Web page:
The Last Boyscout
by Ted Nugent
Ah, spring has sprung and I was all set here to share the life renewal celebration of this wonderful time of year by focusing on shed hunting, mushroom hunting, fishing fun, double gobble turkey excitement, the thrills of bear hunting and the spiritual and olfactory joys of breaking ground for another life-giving planting season.
So let us start with a Happy Happy Springtime America!
But alas! Just since my last blog one scant week ago, the world has taken an ugly, disruptive and dangerous turn as we face the global pandemic of covid19, and for all practical considerations, we are in a brave, new, unprecedented and uncharted world.
I will leave it to the experts to provide the gory details of what, how, when, where and the what-ifs of this global health threat, but here in the world of hands-on conservation and rugged individualism, there are much more important details to be spotlighted and shared.
As the more dependent and therefore ill-prepared amongst us scrambles to hoard toilet paper, I feel confident in saying that our hunting lifestyle will continue to be the most important life-saving lifestyle available to mankind.
In the timeless culture of self-sufficiency and preparedness, hunting families have always been mostly immune to the otherwise self-inflicted sheep-like curse of helplessness and dependency.
I was beyond fortunate to be born and raised in the greatest city on earth in 1948, Detroit, Michigan, the mighty Arsenal of Democracy!
Though no place on earth screamed city quite as loud and proud as my beloved MotorCity, within the concrete jungle hellzone of this industrial revolution epicenter coursed the equally mighty Rouge River, and all its soul-cleansing wildlife and wildlife habitat that lured me mind, body, heart, soul, and spirit from the time I was born.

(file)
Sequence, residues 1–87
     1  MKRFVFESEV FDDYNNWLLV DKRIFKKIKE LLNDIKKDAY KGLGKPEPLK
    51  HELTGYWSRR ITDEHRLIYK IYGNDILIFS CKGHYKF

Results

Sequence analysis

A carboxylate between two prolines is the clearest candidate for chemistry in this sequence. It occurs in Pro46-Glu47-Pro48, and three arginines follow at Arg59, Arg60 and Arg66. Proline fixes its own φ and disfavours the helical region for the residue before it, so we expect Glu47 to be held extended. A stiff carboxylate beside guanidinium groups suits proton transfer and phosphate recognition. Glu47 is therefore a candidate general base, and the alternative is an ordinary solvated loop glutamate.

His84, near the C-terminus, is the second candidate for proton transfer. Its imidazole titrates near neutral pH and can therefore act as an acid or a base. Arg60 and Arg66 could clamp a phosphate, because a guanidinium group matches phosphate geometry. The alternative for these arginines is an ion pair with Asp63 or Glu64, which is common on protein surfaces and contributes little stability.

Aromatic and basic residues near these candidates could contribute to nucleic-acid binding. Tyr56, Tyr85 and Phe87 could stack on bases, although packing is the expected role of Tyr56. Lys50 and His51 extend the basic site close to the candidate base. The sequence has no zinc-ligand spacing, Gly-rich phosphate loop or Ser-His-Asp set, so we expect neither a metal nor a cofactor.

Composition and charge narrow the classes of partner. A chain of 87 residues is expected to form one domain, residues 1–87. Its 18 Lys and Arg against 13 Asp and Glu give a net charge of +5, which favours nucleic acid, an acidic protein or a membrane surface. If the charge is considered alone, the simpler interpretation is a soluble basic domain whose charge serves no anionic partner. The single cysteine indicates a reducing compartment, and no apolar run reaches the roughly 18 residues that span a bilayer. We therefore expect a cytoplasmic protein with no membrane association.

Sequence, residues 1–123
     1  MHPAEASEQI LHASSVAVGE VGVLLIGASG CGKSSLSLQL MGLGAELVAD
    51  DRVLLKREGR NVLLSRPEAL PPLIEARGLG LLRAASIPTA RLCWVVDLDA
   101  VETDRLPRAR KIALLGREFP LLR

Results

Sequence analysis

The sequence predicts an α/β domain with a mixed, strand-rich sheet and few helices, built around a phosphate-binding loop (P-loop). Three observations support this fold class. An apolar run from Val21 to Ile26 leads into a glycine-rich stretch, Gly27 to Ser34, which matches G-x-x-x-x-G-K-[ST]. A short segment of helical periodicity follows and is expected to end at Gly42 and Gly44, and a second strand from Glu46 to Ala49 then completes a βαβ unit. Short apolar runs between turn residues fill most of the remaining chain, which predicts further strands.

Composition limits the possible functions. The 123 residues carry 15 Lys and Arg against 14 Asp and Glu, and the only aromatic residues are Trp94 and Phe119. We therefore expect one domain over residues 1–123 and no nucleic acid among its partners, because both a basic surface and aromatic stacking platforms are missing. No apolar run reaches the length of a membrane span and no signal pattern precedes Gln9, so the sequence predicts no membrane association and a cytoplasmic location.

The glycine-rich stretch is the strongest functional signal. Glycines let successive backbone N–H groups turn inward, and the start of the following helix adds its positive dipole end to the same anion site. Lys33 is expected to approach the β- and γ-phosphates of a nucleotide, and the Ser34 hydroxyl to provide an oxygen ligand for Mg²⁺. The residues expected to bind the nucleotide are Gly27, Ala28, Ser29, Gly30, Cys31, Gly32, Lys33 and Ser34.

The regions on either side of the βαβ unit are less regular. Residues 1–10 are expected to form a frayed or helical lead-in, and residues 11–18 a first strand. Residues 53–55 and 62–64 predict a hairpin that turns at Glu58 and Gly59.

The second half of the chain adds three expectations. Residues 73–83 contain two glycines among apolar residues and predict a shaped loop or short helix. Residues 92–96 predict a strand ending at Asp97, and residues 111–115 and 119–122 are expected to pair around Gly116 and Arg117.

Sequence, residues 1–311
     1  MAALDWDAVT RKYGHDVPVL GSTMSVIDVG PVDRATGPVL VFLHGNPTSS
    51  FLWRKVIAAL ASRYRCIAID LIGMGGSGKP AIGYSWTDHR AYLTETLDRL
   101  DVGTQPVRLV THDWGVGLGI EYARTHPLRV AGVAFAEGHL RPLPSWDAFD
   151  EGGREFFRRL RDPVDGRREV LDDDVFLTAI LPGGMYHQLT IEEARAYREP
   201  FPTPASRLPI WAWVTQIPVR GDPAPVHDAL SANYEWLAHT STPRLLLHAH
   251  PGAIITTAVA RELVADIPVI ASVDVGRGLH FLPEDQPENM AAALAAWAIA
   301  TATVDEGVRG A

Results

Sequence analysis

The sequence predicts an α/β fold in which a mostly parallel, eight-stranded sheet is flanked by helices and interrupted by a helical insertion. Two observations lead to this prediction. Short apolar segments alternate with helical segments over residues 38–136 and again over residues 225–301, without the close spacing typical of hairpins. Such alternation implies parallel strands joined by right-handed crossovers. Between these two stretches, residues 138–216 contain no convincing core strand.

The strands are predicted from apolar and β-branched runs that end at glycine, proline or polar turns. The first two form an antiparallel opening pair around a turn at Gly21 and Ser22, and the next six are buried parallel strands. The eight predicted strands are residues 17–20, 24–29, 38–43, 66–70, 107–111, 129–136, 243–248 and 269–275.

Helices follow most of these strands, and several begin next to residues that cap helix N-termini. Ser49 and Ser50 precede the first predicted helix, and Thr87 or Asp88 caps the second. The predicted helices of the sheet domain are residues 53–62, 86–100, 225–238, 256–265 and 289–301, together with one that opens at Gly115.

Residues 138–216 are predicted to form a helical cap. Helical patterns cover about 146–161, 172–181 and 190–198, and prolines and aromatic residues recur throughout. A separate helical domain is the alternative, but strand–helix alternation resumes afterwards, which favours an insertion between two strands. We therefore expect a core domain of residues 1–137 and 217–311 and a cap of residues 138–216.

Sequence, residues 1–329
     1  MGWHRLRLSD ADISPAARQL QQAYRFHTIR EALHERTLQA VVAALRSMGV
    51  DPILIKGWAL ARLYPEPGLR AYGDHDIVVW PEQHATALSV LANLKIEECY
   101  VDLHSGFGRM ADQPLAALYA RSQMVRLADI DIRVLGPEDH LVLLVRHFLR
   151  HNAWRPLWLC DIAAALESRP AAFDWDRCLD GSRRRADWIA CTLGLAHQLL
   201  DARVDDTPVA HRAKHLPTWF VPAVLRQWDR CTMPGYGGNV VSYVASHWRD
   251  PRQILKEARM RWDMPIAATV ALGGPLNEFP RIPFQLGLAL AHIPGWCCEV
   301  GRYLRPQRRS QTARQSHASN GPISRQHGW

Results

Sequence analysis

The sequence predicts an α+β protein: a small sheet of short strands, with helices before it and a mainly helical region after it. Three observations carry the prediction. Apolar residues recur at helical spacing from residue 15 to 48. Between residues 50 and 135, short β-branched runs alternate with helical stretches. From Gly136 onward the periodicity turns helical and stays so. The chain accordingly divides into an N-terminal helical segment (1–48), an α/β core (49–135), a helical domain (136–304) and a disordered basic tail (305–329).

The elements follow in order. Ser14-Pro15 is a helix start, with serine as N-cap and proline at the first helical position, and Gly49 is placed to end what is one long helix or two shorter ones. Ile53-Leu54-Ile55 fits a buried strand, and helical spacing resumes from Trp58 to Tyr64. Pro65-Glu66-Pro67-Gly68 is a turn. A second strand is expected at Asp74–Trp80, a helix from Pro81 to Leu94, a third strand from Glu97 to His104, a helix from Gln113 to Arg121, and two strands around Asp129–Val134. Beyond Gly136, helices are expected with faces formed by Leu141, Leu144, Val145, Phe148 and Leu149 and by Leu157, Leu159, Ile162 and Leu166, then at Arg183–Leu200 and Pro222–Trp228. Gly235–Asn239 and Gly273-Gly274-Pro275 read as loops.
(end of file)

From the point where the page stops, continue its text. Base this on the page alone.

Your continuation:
With one foot solidly planted in the city of cities, and the other foot running unleashed in the wilds of my forests and marshes, I went on to live, what in my mind, is the ultimate balanced life ultra-post-modern and nature’s timelessness and the resultant awareness of the very best of both worlds.
After graduating/escaping high school in 1967, I couldn’t imagine going to college as I was much too busy learning important stuff. Pragmatic lessons of cause and effect, prodded by my natural and well-exercised predator instincts, guided and nurtured by my bowhunting father and family, prepared me well for pretty much anything this crazy world could toss in my face.
These powerful, raw instincts, the same ones that fortified me to turn down the insanity of substance abuse all around me in the rock-n-roll world, drove me to live in such a way as to not be dependent on anyone or anything other than my own constantly honed, hands-on capabilities.
I have always lived on the land with a natural source of water, wood, fish, and meat. I also naturally took into consideration simple, pragmatic survival realities such as adequate firepower and the training to implement it, and a smart, strong position of self-defense.